43. ^ Berendt, Joachim-Ernst (2009). The Jazz Book: From Ragtime to the 21st Century. Chicago Review Press. p. 152. ISBN 978-1613746042.
  44. ^ "The A Love Supreme Interviews" (Joshua Redman discusses John Coltrane's "A Love Supreme"), on Jerry Jazz Musician Archived January 26, 2013, at archive.today
  45. ^ Palmer, Robert, "A Tribute to John Coltrane's Spirit", The New York Times, September 25, 1987.
  46. ^ Kahn, xxii.
  47. ^ Stump, Paul (2000). Go Ahead John: The Music of John McLaughlin. SAF. p. 65. ISBN 9780946719242.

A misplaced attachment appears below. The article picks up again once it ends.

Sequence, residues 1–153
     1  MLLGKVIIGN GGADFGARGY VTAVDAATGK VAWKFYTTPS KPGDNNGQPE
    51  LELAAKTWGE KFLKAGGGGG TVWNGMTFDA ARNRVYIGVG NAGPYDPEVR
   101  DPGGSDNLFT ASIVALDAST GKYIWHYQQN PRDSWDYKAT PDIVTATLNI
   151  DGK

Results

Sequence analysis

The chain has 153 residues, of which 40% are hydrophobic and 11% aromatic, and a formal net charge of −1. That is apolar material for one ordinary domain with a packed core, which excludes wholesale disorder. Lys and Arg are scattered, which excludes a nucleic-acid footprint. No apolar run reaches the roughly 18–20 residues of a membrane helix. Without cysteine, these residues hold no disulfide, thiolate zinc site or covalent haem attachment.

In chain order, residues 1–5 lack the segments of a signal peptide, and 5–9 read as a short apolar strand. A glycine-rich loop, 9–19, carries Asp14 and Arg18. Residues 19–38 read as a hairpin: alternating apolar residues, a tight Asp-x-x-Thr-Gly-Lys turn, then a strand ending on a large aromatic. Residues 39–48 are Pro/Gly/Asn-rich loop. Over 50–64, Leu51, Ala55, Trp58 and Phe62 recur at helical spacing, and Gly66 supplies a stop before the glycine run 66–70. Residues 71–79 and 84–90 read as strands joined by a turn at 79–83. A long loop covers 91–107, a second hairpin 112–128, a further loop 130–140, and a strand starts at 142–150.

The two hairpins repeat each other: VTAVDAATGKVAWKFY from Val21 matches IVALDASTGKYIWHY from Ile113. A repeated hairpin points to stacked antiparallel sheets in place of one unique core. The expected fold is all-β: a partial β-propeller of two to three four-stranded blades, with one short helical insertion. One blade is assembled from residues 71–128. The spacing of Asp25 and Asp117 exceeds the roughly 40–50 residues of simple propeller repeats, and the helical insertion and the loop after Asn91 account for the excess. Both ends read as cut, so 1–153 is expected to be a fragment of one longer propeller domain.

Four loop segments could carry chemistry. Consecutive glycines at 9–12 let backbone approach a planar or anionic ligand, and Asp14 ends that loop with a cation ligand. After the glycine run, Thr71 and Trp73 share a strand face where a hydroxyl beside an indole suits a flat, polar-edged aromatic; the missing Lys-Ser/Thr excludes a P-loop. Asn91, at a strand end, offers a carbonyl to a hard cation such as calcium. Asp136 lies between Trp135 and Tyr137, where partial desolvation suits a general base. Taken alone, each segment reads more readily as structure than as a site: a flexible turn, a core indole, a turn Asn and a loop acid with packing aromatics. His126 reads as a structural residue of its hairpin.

48. ^ Thornton, Anthony (November 1998). "Neil Hannon's Record Collection". Q (146): 67.
  49. ^ "Saint John Coltrane: Fifty Years of 'A Love Supreme'". religiondispatches.org. December 8, 2014. Retrieved February 18, 2017.
  50. ^ Jarenwattananon, Patrick (March 28, 2014). "A Love Supreme Comes Alive in Unearthed Photos". NPR.
  51. ^ "Italian album certifications – John Coltrane – A Love Supreme" (in Italian). Federazione Industria Musicale Italiana. Retrieved December 10, 2018. Select "2017" in the "Anno" drop-down menu. Select "A Love Supreme" in the "Filtra" field. Select "Album e Compilation" under "Sezione".
  52. ^ "British album certifications – John Coltrane – A Love Supreme". British Phonographic Industry.
  53. ^ "American album certifications – John Coltrane – A Love Supreme". Recording Industry Association of America. Retrieved November 10, 2021.


Further reading[edit]

External links[edit]